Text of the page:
A mailed survey was used to assess the effectiveness and impact (Ball, Jensen,& Dyas, 2020). Also, an online option through SurveyMonkey® was offered for those who preferred to respond electronically (Ball, Jensen,& Dyas, 2020). All 720 recipients of the newsletter received the survey through mail and were informed of the online response option (Ball, Jensen, & Dyas, 2020). A return envelope was provided with the mailed survey (Ball, Jensen, & Dyas, 2020). Both the mailing and the return addresses were addressed to the UI Owyhee County Extension office in order for the surveys to be anonymous (Ball, Jensen, & Dyas, 2020). If the recipient decided to complete the online version of the survey, they could copy the link into their search engine, which would then take them directly to the survey (Ball, Jensen, & Dyas, 2020).
The survey consisted of nineteen questions, including nine multiple choice questions, six Likert scales, three open-ended, and one fill-in-the-blank question (Ball, Jensen, & Dyas, 2020). These different formats allowed respondents to express their opinions and ultimately provided opportunity for in-depth feedback (Ball, Jensen, & Dyas, 2020). Two weeks after the original surveys were sent, a reminder postcard was mailed to all participants (Ball, Jensen, & Dyas, 2020). The postcard thanked those who had already participated, reminded those who hadn’t and provided a URL for the online survey (Ball, Jensen, & Dyas, 2020).
The researchers reported that of the 720 survey recipients, 116 that responded to the survey, for a response rate of 16% (Ball, Jensen, & Dyas, 2020). Ten participants (9%) responded online, with the remaining 91% using the U.S. Postal Service for their survey responses (Ball, Jensen, & Dyas, 2020).
The first two survey questions were demographic in nature, focusing on respondents’ age and agricultural background (Ball, Jensen, & Dyas, 2020). More than 60% (n = 78) of participants identified as ranchers (Figure 1) (Ball, Jensen, & Dyas, 2020). Question two indicated the age of respondents. The majority of respondents were 50 to 80 years of age (Ball, Jensen, & Dyas, 2020).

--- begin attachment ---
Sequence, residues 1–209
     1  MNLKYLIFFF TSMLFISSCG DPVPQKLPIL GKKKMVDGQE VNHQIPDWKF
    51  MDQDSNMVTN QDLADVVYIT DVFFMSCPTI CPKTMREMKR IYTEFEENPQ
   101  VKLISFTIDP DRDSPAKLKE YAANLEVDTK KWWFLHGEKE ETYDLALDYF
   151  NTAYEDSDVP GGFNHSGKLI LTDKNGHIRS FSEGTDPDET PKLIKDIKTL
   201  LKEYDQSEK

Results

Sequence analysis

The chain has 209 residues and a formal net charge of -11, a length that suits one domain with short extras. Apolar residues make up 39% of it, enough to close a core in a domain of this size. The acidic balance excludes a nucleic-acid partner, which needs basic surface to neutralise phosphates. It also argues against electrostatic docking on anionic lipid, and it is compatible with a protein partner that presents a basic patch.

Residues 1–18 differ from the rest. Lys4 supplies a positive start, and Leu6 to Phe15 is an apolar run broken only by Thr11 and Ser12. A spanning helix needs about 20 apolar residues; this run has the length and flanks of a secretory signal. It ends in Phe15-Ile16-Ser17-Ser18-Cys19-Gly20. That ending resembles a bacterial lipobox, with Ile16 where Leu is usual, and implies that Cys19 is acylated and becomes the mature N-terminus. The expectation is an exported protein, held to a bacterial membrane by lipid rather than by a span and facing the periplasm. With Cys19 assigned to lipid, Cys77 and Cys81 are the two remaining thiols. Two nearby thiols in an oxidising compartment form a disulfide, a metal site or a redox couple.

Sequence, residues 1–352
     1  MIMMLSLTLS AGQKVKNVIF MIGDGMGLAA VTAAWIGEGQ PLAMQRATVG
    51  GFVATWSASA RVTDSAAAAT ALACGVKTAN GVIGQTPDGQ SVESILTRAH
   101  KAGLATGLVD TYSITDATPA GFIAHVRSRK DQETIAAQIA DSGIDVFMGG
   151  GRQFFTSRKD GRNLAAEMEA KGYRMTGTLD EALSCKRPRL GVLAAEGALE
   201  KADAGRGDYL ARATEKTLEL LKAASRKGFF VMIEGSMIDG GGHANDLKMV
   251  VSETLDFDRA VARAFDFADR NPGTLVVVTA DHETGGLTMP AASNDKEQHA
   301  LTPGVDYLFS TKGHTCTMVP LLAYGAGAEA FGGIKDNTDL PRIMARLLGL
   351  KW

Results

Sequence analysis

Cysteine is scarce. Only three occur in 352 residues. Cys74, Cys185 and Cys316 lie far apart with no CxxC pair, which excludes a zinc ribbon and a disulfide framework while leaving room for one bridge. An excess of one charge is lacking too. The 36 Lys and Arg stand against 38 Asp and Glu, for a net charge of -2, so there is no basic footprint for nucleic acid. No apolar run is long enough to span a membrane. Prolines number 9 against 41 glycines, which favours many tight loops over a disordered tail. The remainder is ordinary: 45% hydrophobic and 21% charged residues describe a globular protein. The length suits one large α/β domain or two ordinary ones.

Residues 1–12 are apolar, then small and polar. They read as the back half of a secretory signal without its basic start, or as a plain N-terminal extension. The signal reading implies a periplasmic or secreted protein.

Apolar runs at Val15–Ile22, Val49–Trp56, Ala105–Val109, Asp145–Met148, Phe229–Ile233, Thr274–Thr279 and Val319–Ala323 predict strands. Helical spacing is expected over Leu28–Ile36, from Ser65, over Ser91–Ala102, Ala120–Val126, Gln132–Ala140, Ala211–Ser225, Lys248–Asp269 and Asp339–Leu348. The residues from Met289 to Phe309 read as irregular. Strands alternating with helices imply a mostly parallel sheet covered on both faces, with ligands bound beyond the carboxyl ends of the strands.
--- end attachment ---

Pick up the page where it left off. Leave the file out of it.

Figure 1. Primary interest in agriculture.
The data for the topics that were found most useful in the newsletter are reported in Figure 2 (Ball, Jensen, & Dyas, 2020). The survey participants were able to circle all that applied and gave the results a more detailed perception on how the reader felt about the information in the newsletter (Ball, Jensen, & Dyas, 2020). Overall pasture management was identified as the most useful topic to readers (Ball, Jensen, & Dyas, 2020). Over 71% (n = 75) of respondents selected this topic. Numerous survey participants selected multiple answers which resulted in a high percentage in toxic plants and feeding/mineral supplementation (Ball, Jensen, & Dyas, 2020).
Figure 2. Useful Newsletter Topics.
More than 90% (n = 170) of respondents indicate that newsletter information was current and/or reminder/refresher and is reported in Figure 3 (Ball, Jensen, & Dyas, 2020). Outdated information was rarely chosen by participants (Ball, Jensen, & Dyas, 2020).
Figure 3. Usefulness of Newsletter Information.
Greater than 90% (n = 105) of respondents indicated that the newsletter should be continued as shown in Figure 4 (Ball, Jensen, & Dyas, 2020). Those that did not want the newsletter to be continued asked to be removed from the newsletter mailing list for reasons that concerned retirement or a reduced interest in the agriculture industry (Ball, Jensen, & Dyas, 2020).
Figure 4. Continuation of Newsletter.